Smart shoes

Posted in: Comment, News and Updates

I heard a bloke on BBC Radio 4 say that, in 10 years, you won't be able to buy a pair of shoes that don't have an IP address.  Smart in more senses than one, then.

I suppose the advantage of this is that you will never again lose that flash pair of trainers, and that you might be able to use your shoe as a phone to connect to your smart meter and turn off the fridge. What a prospect.  A boon for parents, perhaps, who will know where their children are and whether they really are doing all that exercise they promised.

I thought about this as I listened to John Loughhead at Bath the other week talk about UK energy and industrial strategy from his vantage point as Chief Scientist at the new Department of Business, Energy and Industrial Strategy [BEIS] – pronounced "baize", apparently.  Loughhead was surprisingly up-beat about about international collaboration and said that the UK would be making a big announcement at COP22 in Marrakech.  If we did, it got drowned out by trumpeting about Trumpism.  He was positive about battery storage, carbon capture, small modular nuclear reactors that you could order from IKEA (well, sort of), and smart metres.  A new role for chief scientists, I thought: being sent out of London to enthuse for your country.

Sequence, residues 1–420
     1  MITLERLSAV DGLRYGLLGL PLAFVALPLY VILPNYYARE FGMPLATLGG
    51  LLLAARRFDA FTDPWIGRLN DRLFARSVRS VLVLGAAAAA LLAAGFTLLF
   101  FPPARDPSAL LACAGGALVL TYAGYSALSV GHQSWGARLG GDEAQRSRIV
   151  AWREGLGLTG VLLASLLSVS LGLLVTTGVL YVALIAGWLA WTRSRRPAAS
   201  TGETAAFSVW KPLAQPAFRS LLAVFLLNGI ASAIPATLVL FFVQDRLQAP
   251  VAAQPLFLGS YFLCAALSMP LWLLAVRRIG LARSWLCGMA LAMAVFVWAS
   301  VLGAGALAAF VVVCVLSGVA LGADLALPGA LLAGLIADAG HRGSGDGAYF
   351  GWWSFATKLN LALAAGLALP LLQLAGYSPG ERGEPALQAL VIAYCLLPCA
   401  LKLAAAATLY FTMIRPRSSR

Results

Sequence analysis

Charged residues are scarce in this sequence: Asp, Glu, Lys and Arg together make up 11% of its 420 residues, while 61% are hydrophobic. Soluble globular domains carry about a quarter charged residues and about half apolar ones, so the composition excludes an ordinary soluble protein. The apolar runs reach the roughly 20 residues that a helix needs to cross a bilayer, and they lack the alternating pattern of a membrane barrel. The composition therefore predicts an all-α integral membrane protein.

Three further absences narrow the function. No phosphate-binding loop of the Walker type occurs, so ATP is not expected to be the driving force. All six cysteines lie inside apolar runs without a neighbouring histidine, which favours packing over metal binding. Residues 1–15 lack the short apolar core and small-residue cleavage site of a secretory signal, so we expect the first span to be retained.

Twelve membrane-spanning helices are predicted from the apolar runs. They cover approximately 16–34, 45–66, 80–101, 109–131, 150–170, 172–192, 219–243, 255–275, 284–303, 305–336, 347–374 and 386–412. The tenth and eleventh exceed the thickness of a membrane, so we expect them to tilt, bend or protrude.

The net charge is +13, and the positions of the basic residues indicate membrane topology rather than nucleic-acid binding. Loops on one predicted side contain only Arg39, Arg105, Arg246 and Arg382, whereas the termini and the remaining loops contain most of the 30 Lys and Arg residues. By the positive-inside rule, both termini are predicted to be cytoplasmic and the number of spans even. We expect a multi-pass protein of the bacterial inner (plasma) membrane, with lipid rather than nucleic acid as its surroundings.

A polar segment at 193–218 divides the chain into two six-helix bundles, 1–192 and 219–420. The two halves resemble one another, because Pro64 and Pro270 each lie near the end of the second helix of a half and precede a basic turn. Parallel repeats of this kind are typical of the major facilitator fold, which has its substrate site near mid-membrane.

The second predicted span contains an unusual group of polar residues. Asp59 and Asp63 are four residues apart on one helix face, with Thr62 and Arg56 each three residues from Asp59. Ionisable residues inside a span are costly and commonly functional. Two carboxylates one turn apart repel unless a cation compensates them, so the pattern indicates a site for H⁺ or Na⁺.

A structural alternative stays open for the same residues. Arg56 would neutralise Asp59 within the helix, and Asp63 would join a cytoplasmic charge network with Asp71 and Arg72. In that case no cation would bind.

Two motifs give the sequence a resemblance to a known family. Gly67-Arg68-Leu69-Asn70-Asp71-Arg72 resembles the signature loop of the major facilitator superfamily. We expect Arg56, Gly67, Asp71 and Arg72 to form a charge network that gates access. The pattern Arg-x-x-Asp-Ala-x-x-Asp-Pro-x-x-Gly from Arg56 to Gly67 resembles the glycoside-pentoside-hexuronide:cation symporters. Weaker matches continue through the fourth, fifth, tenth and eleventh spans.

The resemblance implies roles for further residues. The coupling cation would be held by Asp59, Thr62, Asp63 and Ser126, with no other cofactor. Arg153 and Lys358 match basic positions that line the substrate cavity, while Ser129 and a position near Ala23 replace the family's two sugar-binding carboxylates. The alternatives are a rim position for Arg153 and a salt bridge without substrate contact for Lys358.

Mind you, I'm still waiting to hear what the UK's big idea was – some 2 weeks after the event.  Of course, there were few fireworks at Marrakech, just a lot of promises from a lot of countries about what they'll be doing (and not doing) in relation to emissions.  It looked like very necessary tedium.  Over-shadowing it all was what President-elect Trump has said about climate change.  However, given that he seems to have taken up every possible stance, perhaps we should just wait to see and not worry overmuch in the meanwhile.  Apart from the money, that is.  Maybe we should worry about the money as many of the promises that economically developing countries are making are contingent on a flow of cash from rich countries to ease the transition – some $100bn a year, I think.  Much of that was set to come from the USA, and turning off a money spigot may well prove much easier than, for example, building a wall.




Posted in: Comment, News and Updates


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